Dept. of “On Second Thought”

Several readers have asked me about near misses and choices I made compiling 1000 Recordings To Hear Before You Die that I might look at differently now.

There’s no shortage of those – music can reach us in different ways at different moments. Revisit an old favorite after a long absence, and you may discover it’s not nearly as stupendous as you recall. Or it might seem more so.

From time to time I’ll share some thoughts on this, related to specific entries from the book. Today: The decision to highlight an orchestral transcription of Beethoven’s string quartets rather than a traditional quartet performance (see pgs. 66-67).

I heard lots about this from Ludwigphiles, and often their objection was that the material was written for an intimate four-piece ensemble, and therefore should be encountered that way. This is a perfectly logical, almost unassailable point, and I should say that I followed this thinking in making most of the choices. When I was researching that entry, I listened to a few recordings of the master’s late quartets that have been rubberstamped as “essential,” and while they were all competant and in some cases quite spirited, none brought me into Beethoven’s gorgeously unspooling melodies quite the way the Vienna Philharmonic, under Leonard Bernstein, did. I’d argue that for those unfamiliar with the music, the orchestral version can serve as an excellent point of entry.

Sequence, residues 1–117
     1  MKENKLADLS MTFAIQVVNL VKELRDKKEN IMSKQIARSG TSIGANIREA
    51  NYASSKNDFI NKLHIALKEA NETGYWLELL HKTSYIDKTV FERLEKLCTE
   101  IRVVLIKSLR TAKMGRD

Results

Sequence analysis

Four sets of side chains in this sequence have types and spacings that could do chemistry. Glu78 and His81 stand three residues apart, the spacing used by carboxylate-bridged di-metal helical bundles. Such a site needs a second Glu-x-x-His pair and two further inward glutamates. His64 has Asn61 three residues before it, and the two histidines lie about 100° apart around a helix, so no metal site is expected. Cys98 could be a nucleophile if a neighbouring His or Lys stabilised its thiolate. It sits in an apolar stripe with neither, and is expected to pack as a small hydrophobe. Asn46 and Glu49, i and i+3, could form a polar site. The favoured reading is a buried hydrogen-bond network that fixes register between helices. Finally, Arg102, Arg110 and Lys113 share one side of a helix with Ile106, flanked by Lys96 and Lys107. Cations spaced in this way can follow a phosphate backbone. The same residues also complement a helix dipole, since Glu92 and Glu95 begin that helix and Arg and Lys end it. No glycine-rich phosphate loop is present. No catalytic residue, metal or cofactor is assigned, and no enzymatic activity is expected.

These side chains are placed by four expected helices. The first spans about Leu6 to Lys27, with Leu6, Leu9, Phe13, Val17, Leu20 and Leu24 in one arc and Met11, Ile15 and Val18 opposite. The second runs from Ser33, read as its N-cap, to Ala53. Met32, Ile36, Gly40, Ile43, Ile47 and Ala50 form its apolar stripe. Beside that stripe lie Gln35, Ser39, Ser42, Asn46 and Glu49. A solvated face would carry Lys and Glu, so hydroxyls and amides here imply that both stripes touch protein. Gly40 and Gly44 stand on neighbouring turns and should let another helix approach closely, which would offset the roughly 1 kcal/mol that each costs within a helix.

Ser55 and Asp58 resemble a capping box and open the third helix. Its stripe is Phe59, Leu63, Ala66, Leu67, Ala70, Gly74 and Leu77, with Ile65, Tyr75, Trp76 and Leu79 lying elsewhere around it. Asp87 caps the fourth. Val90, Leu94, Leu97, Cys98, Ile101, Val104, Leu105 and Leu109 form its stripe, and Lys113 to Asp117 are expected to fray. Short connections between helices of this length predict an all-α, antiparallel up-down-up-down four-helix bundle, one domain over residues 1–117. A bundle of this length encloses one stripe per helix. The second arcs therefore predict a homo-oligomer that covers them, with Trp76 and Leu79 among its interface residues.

But it is just that, a novel starting point. In the last year, I’ve heard a few quartet recordings that are flatout amazing. Beethoven’s quartets from his middle period, particularly the oft-recorded C major, Op. 59, exude a fierce animation, with potent themes tumbling over equally potent elaborations. This sense of urgency comes across magnificently in the 2002 recording of the Takacs Quartet.

His later quartets are knottier and more densely textured – qualities seized on and beautifully expanded by the Quartetto Italiano in recordings released in 1997. The group’s colorful, nuanced reading of Quartet No. 12 in Eflat Major (Op. 127) offers all the ammunition needed for an argument about why music written for four musicians should be played by four musicians. And not 104.



Share this post:

site design: Juxtaprose